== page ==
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  • What’s On Your Tool Belt?

    shutterstock_213863566Everyone brings their own tools.

    Everyone wears their own tool belt.

    It’s how we address challenges.

    Whether they are business related, technically oriented or social in nature.

    Everyone has skills they bring to the table.

    In today’s modern society everyone has instant access to information. However, that’s not enough! Just knowing about stuff, just having information, is not the same as knowing how to solve the challenges that we will face. We need to experience things in order to learn.

    Case in Point:

    • You CANNOT learn how to ride a bike by reading a book.
    • You need to get ON a bike and learn.
    • We learn by Trial and Error … and a few scraped knees.

    So, where do you go to get experience?

    Well, most of us just slog it out in life and learn via the school or hard knocks. Of course, many people have documented what they have learned so that we can stand on the shoulders of giants. So that we don’t have to literally and figuratively re-invent the wheel every time. Whether that’s brain surgery or how to fix a leaky faucet or change a spare tire. Those skills have been documented. We can learn from them.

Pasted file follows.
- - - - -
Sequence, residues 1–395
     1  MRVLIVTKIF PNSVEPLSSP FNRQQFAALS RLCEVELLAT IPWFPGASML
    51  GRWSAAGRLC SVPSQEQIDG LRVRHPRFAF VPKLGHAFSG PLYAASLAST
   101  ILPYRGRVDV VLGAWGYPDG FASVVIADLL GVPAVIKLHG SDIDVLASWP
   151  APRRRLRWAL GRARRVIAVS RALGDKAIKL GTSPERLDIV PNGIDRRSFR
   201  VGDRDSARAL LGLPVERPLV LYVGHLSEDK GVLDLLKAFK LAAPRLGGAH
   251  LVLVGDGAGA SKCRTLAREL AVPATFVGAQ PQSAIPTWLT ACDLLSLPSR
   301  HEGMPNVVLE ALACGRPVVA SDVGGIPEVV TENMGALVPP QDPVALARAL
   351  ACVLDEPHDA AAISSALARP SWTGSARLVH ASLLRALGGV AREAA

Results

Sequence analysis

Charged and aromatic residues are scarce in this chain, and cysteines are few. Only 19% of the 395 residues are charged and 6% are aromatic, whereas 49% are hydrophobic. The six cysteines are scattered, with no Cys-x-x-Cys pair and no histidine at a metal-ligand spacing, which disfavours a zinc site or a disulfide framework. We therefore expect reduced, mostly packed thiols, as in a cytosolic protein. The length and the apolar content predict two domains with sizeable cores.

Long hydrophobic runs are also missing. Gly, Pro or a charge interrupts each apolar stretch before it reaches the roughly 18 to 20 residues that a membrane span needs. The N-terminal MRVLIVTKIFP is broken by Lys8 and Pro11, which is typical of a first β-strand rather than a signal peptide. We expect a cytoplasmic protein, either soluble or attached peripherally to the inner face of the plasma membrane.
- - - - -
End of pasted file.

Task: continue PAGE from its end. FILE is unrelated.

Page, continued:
These experiences from others can help us to hone our tools. However, we generally also need to experience these efforts to gain a true proficiency.

    Are you going to trust a doctor that has only read about brain surgery?

    In business and in life we all need these tools to get our jobs done. Some we can read about. Others we need to experience. And, of course, some are physical tools that require us to complete a task and others are more mental.

    The reason we want these tools sharpened and honed is because these are the things that we will use to build our reputations. Those that can bring a wide tool belt that has a collection of sharp tools will stand out in their careers and be sought after for future projects. Take the time to sharpen your tools and take the time to keep them sharp.

    “Give me six hours to chop down a tree and I will spend the first four sharpening the axe.” ~ Abraham Lincoln

    How can you grow your Tool Belt?